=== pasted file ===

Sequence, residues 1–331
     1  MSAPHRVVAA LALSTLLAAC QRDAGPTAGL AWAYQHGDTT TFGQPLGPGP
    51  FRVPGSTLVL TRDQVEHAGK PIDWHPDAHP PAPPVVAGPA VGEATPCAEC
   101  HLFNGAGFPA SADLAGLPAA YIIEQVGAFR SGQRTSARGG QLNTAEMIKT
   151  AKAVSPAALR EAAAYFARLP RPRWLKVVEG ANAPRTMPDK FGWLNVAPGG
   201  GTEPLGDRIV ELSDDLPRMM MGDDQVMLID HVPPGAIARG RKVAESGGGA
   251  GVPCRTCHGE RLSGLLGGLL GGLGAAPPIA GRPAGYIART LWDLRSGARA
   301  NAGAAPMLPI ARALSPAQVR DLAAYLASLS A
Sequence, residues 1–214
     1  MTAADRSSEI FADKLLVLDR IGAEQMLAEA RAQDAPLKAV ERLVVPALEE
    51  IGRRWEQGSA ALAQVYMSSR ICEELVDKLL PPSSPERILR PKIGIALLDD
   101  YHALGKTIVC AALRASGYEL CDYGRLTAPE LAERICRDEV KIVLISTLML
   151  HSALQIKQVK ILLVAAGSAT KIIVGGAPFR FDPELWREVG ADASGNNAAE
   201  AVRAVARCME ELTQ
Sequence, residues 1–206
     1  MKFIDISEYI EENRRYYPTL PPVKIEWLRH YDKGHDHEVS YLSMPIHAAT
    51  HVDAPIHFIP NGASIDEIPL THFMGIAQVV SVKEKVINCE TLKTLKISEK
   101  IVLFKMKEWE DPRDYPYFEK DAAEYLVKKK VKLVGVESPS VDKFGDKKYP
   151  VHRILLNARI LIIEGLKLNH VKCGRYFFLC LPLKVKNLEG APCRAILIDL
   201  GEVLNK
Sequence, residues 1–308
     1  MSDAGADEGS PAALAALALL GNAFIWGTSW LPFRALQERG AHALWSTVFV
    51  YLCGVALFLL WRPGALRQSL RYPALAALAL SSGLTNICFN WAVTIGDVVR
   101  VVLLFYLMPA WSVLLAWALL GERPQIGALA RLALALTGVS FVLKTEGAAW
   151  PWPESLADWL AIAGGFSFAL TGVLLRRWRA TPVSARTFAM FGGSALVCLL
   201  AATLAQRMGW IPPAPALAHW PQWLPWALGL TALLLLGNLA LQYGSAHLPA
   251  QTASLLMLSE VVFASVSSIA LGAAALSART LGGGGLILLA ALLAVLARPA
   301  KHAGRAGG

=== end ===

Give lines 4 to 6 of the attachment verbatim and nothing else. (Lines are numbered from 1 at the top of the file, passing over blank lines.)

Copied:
   101  HLFNGAGFPA SADLAGLPAA YIIEQVGAFR SGQRTSARGG QLNTAEMIKT
   151  AKAVSPAALR EAAAYFARLP RPRWLKVVEG ANAPRTMPDK FGWLNVAPGG
   201  GTEPLGDRIV ELSDDLPRMM MGDDQVMLID HVPPGAIARG RKVAESGGGA